For a better experience, click the Compatibility Mode icon above to turn off Compatibility Mode, which is only for viewing older websites.

Stark Racial Disparities in Vaccine Uptake and Flu-related Deaths in Big Cities

In big U.S. cities, flu vaccination rates can vary among racial and ethnic groups.

November 14, 2023

The CDC encourages flu vaccination to prevent flu-related illness among everyone and to reduce flu transmission to those with the highest risk of severe symptoms or death, namely young children and older adults aged 60+. Additionally, flu can spread rapidly in congregate settings common in cities, such as multi-family housing, dormitories, or health facilities, which is why vaccination campaigns particularly target people living or working in those settings.

Using data from the Big Cities Health Inventory, an open-source platform providing health metrics for the 35 large U.S. cities that comprise the Big Cities Health Coalition (BCHC), we investigated flu vaccination rates as well as rates of flu-related deaths among urban residents. 


Platform data from 2021 show that on average only about 50% of older aged residents living in the nation’s largest cities received the flu vaccine. Further, there were stark racial disparities in flu vaccine uptake, a pattern that was seen in all data years. On average only about 30% of older aged Black residents received the flu vaccine and flu-related deaths were highest among Black people compared to other race/ethnic groups (for example, in 2021 per 100,000 age adjusted flu-related death rate was 15.6 for Black people vs 11.3 for white people).

The consistent and stark disparities in flu vaccine rates among Black residents highlight the importance of taking action to increase equity in vaccine uptake and ensure that the high burden of flu-related deaths among Black residents does not persist. In addition to sharing this information, consider these five actions recommended by equity experts:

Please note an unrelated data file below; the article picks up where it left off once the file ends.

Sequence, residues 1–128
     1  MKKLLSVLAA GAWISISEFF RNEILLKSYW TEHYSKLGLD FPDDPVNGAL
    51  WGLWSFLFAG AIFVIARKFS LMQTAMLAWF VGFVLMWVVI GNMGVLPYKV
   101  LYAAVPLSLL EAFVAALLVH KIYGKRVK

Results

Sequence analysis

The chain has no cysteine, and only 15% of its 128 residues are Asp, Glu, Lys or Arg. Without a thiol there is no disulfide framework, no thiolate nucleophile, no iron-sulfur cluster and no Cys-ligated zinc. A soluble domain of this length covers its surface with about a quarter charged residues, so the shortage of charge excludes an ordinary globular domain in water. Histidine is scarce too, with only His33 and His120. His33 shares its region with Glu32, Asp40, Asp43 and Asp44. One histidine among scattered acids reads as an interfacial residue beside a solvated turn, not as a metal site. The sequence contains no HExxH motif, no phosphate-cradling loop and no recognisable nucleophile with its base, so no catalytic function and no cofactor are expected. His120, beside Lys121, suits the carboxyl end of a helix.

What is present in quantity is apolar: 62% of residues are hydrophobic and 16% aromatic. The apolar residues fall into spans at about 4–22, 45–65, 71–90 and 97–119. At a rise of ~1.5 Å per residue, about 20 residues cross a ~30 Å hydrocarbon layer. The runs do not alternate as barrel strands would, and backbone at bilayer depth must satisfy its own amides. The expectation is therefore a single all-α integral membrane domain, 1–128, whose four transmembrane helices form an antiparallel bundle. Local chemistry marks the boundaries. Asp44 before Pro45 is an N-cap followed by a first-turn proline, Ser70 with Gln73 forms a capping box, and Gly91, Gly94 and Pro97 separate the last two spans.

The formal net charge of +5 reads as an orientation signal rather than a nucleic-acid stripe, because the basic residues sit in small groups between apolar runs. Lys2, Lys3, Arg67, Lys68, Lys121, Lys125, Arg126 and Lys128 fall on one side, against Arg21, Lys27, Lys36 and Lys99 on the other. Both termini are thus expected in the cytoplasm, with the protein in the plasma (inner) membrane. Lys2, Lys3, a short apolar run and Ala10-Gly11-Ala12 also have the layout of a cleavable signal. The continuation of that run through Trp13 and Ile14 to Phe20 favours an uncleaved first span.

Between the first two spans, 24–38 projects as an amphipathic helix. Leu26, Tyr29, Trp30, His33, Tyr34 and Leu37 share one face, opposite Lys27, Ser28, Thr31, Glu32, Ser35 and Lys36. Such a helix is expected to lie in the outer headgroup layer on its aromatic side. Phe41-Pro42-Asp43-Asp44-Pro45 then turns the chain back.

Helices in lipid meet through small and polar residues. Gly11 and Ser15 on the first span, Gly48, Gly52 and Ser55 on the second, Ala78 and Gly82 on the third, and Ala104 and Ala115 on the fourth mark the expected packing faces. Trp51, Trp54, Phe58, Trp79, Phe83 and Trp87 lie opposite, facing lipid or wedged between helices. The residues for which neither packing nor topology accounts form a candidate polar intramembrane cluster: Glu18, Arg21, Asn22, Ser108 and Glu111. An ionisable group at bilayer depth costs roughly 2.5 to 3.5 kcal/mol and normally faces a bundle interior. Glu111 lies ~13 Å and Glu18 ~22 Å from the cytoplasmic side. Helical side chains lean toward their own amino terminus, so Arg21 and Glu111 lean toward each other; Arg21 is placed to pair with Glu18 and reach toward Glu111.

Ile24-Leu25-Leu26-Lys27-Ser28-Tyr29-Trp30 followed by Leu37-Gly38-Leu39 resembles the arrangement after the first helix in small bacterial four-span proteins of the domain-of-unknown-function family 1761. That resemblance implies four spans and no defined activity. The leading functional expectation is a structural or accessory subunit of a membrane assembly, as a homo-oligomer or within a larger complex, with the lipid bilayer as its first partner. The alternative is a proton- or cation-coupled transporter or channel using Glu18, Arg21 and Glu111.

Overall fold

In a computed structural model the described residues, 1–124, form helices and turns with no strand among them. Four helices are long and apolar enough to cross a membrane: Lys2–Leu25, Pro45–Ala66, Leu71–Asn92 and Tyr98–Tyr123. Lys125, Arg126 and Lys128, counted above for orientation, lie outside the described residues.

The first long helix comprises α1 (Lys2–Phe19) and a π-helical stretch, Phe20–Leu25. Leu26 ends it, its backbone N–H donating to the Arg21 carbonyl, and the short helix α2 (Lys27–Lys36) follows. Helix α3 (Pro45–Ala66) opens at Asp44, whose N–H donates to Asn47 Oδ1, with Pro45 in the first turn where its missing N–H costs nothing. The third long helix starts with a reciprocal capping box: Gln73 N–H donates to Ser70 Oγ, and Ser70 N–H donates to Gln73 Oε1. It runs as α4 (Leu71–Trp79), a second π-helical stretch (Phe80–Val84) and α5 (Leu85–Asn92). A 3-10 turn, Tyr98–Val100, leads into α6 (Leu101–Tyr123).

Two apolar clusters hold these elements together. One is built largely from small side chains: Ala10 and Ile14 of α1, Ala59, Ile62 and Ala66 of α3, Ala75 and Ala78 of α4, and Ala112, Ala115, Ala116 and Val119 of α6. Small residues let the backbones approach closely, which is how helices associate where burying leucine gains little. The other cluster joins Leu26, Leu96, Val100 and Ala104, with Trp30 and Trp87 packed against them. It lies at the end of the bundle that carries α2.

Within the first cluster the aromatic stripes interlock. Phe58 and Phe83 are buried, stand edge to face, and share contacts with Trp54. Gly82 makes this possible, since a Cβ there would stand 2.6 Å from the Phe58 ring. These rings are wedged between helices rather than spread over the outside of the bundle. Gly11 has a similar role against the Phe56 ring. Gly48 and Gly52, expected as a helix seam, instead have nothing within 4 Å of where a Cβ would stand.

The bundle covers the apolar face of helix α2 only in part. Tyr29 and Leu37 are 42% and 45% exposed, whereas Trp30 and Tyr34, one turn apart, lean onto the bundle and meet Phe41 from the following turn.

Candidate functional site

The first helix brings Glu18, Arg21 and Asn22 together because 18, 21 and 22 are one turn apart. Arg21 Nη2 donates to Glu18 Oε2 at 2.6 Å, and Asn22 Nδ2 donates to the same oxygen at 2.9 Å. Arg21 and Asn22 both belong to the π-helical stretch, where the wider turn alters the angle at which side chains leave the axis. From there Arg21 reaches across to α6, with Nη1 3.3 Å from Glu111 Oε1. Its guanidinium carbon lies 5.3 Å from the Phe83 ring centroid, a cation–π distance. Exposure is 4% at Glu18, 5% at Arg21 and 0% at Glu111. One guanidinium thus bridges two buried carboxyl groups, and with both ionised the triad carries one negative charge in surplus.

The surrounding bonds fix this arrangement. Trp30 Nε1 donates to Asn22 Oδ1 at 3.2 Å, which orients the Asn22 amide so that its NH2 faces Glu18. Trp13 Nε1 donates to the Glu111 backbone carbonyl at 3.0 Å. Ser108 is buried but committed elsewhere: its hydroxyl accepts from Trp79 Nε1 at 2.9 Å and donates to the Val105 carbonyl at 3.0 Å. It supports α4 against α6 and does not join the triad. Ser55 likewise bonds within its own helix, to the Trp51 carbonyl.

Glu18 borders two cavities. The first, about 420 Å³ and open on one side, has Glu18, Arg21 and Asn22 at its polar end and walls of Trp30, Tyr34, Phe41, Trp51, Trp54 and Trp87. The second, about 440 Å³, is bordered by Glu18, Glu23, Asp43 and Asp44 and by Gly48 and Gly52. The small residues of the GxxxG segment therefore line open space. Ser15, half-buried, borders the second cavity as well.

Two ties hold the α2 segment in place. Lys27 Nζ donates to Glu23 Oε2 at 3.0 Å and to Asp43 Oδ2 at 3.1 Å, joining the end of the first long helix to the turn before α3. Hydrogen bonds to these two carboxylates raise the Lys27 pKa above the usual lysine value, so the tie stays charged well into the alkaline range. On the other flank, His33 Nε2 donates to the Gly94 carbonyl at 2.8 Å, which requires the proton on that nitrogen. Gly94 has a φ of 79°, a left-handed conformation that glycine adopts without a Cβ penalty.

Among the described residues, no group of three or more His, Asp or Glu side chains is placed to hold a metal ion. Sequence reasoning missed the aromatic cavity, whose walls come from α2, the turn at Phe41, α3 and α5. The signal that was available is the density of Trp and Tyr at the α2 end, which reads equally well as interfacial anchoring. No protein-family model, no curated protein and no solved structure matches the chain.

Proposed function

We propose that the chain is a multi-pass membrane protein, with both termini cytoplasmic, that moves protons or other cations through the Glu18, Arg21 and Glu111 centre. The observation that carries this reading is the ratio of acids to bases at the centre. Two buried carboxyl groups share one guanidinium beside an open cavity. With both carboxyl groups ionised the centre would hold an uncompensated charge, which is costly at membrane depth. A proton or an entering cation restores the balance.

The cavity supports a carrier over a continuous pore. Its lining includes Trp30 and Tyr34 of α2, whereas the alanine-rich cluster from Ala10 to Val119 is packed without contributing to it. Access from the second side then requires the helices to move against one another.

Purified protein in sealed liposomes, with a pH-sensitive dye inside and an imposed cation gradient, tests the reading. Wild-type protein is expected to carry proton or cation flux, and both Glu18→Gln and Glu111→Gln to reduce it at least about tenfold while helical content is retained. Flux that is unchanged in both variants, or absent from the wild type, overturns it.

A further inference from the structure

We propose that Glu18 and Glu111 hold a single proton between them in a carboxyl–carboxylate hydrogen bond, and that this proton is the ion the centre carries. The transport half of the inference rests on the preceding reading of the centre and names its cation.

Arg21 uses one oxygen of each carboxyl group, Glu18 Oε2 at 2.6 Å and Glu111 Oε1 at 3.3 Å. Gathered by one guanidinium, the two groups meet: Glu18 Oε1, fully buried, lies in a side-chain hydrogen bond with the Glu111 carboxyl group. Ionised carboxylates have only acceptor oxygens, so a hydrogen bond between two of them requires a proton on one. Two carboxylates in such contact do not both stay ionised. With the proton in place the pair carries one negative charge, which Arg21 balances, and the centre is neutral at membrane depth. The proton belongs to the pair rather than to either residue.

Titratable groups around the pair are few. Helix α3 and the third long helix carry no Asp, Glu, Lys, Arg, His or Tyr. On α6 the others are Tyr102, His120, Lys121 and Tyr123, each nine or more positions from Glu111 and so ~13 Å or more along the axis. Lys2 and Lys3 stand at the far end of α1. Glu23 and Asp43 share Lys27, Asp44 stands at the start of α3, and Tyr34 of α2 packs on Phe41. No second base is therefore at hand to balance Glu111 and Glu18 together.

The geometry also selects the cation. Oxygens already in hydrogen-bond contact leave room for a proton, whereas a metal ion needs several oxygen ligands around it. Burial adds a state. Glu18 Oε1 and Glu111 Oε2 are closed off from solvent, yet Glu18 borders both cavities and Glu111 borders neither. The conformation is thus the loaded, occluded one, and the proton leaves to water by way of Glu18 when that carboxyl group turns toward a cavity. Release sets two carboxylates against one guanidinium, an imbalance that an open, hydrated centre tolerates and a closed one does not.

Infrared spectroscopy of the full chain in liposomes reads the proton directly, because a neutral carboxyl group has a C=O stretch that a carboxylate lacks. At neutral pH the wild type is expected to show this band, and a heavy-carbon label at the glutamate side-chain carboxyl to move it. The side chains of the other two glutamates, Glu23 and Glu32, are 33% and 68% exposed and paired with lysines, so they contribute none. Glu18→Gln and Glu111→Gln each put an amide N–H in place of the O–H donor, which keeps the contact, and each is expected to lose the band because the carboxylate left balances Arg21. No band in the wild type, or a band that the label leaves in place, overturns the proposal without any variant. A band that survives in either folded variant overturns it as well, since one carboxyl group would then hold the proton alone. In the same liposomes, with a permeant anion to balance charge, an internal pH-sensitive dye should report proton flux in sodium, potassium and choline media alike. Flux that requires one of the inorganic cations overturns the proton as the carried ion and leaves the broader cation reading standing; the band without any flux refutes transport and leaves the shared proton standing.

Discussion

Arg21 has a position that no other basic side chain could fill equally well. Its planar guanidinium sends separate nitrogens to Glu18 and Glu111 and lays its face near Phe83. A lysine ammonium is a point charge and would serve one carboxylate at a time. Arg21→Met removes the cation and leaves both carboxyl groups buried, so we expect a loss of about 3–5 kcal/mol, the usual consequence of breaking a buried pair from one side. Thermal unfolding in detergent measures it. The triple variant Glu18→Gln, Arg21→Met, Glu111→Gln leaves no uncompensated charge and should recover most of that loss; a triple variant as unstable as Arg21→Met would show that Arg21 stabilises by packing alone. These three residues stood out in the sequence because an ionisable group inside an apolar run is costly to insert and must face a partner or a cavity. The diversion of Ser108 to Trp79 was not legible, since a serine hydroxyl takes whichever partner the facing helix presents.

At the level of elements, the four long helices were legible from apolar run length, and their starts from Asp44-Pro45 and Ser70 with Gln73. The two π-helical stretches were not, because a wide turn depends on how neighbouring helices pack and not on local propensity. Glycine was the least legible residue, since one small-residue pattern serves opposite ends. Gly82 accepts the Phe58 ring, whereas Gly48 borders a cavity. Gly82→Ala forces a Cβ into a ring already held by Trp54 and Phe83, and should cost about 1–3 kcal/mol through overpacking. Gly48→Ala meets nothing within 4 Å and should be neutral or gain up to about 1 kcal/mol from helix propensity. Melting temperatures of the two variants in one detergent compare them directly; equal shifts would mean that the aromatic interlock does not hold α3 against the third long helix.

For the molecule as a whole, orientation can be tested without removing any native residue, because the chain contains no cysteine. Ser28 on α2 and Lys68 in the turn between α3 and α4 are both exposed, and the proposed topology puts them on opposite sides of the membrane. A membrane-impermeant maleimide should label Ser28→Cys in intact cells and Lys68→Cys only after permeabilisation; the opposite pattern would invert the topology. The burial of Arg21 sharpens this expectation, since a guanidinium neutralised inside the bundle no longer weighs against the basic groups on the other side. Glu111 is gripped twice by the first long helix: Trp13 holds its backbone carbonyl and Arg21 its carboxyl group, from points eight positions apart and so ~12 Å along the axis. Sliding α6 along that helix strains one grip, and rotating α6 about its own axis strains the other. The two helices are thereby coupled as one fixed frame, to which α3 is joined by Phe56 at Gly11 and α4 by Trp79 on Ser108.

1. Assure zero cost of getting the vaccine.
  2. Increase vaccine convenience such as bringing vaccine services to workplaces and community settings.
  3. Offer paid leave so that employees can take time off from work to get the vaccine and recover if they experience short-term side effects.
  4. Design and implement community-based vaccination activities in partnership with trusted community members and influential messengers who share the same ethnic/racial identity.
  5. Listen and empathetically respond to concerns about vaccines and gain residents’ trust.

Learn about CDC’s efforts to promote vaccine equity and BCHC’s policy priorities. To stay up-to-date on the Big Cities Health Inventory please make sure to follow both the Drexel Urban Health Collaborative (@DrexelUHC) and BCHC (@BigCitiesHealth) on Twitter or subscribe to our newsletter.

The Big Cities Health Inventory data platform is primarily funded by the U.S. Centers for Disease Control and Prevention through a cooperative agreement with the National Association of County and City Health Officials. The views expressed on the data platform do not necessarily represent the views of the funders.